• Most of this is down to the fact that you are playing as 5 characters at once. You can move items around between them all, and group them up in different ways, because they each have a tool exclusive to them. Different groups of tools are needed for different puzzles. I was also ready to believe that this is a ridiculous gimmick which can’t possibly work, but it becomes more and more important as the game goes on, until it’s something that (A) you can do fluidly without thinking about the controls and (B) you are strategizing for, all the time, in every little room you walk into.
  • Some of the puzzles are definitely designed such that you can put the game in an unwinnable state. Character death is also permanent. But, you are allowed to save anywhere, and there’s even a menu item for resetting to your last save, right there in the interface. You don’t have to reset the console at all. I’m assuming this means they plan for you to save before going in to a questionable situation, try a lot of different things, and reset if you fail. I like the system and it makes it feel fair; you’re never afraid to touch the wrong thing or go exploring in the wrong area just because the game expected you to “know” something that you in reality had no way of knowing.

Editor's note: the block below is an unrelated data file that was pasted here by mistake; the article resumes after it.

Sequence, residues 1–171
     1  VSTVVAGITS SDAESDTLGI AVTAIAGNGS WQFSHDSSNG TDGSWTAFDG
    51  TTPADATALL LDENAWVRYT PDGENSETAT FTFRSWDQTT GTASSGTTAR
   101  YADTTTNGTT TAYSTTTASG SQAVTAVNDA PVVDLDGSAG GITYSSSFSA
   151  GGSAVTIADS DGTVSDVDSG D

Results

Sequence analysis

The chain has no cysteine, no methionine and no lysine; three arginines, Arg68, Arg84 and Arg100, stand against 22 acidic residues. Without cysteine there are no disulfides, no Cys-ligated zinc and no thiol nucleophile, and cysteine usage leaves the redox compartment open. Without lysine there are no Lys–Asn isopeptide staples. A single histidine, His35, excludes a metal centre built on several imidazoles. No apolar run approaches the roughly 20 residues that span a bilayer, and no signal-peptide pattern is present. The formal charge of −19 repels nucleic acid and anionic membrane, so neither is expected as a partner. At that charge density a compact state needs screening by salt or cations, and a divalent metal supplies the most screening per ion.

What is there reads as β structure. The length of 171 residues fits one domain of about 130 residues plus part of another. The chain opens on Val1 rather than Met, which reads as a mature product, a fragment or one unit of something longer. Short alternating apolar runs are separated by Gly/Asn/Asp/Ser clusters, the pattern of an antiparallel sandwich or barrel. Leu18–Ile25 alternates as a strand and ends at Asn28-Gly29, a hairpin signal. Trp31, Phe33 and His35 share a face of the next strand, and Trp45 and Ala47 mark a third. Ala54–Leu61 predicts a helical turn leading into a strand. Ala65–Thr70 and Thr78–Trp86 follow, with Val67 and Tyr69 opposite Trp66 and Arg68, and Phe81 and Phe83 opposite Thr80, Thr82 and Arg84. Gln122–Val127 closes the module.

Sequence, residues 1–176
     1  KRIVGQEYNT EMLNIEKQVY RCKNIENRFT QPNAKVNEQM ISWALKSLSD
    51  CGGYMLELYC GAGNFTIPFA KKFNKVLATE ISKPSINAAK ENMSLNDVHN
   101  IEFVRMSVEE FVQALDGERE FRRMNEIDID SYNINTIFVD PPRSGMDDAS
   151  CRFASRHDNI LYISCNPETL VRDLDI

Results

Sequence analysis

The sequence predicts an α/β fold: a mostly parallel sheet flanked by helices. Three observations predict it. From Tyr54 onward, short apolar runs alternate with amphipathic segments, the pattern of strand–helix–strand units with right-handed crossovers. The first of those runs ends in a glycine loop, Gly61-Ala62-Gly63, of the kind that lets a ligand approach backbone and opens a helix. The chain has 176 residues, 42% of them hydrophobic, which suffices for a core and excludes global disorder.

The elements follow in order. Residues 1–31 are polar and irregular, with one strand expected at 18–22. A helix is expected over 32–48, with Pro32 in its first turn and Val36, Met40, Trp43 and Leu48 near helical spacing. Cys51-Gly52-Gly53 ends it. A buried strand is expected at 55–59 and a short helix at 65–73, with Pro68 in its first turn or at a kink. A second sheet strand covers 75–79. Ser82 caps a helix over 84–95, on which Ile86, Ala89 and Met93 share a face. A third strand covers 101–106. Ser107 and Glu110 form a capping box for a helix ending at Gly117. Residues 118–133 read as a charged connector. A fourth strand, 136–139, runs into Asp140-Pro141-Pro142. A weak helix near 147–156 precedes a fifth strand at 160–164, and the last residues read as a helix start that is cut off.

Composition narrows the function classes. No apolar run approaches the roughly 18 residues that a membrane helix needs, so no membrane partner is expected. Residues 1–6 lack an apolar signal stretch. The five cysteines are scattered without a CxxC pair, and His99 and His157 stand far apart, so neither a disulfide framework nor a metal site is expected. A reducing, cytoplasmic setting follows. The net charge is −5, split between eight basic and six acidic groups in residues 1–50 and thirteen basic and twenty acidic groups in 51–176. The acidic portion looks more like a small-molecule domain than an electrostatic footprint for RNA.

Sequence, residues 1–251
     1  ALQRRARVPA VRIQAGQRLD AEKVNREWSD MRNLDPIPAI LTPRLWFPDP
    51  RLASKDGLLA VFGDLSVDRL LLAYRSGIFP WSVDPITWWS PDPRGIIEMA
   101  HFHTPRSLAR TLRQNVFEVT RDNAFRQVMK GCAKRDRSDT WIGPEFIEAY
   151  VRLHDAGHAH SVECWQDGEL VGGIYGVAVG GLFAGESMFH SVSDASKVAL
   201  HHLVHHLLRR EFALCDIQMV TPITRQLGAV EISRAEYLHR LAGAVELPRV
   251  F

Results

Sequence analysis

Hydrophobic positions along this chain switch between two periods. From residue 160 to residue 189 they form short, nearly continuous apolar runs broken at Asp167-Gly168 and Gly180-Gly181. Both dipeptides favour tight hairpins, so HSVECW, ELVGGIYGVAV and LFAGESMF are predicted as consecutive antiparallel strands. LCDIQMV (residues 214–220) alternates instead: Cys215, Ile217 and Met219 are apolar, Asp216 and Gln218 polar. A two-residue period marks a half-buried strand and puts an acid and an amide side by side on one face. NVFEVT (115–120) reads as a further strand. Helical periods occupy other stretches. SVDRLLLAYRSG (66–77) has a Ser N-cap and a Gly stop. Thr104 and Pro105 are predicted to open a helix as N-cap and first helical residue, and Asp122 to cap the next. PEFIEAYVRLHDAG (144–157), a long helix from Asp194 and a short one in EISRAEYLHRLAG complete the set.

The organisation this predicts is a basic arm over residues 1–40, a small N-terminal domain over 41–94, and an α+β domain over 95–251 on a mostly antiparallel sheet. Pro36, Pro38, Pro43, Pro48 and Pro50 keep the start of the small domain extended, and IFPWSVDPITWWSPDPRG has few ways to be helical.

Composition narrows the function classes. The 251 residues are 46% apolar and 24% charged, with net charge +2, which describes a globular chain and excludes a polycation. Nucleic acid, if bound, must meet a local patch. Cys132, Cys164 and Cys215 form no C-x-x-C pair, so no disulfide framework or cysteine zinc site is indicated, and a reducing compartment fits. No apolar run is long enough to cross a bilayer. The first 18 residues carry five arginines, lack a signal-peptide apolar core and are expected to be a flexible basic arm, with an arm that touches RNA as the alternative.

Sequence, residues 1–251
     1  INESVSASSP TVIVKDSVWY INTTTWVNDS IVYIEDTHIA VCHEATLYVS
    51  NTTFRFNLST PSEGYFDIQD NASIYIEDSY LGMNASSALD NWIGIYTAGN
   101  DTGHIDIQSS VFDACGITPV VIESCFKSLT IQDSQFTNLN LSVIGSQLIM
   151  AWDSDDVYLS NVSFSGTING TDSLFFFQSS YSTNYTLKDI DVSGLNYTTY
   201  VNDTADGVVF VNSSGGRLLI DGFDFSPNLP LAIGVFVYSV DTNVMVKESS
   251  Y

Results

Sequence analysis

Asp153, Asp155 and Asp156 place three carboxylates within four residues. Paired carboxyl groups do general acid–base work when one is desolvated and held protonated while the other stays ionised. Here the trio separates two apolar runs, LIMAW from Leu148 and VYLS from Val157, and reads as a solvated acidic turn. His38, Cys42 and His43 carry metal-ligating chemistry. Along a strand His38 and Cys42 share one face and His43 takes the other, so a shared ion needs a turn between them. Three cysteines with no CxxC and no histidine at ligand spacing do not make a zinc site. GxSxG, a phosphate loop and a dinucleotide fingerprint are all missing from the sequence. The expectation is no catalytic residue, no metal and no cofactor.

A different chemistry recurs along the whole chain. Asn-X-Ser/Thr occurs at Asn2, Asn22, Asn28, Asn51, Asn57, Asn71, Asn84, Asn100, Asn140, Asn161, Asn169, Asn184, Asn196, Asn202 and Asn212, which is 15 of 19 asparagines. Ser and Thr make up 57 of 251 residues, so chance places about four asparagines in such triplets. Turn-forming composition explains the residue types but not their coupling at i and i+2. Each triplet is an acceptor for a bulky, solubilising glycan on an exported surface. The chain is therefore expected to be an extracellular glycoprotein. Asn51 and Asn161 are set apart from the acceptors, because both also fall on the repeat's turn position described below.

• There are several English translation patches for this, and I don’t know which one is considered the “best.” I used the one which refers to the Amulet as “Tool,” though I have seen versions which call it the “Amulet.” All translations seem to have their own advantages and disadvanteges; it doesn’t look to me like there’s a canonical one.
  • You would think that an unofficial translation, and not having access to the manual, and the complicated interface would drag the whole experience down a peg or two, but it really just doesn’t. Every little shortcoming (all of these old games have some obvious ones) is more than compensated for by the pure fun of it. This is one of the rare titles that I can see myself coming back to and playing through again (maybe I’ll put together some big Halloween bonanza this October?)

Metroid II: Return of Samus
(Completed on 15 Jun 2022)

  • This one took some getting used to at first. It has roughly all the same problems as the NES version (limited controls, and therefore odd ways of accessing your weapons), no map screen, etc, and in addition to those problems feels very “cramped”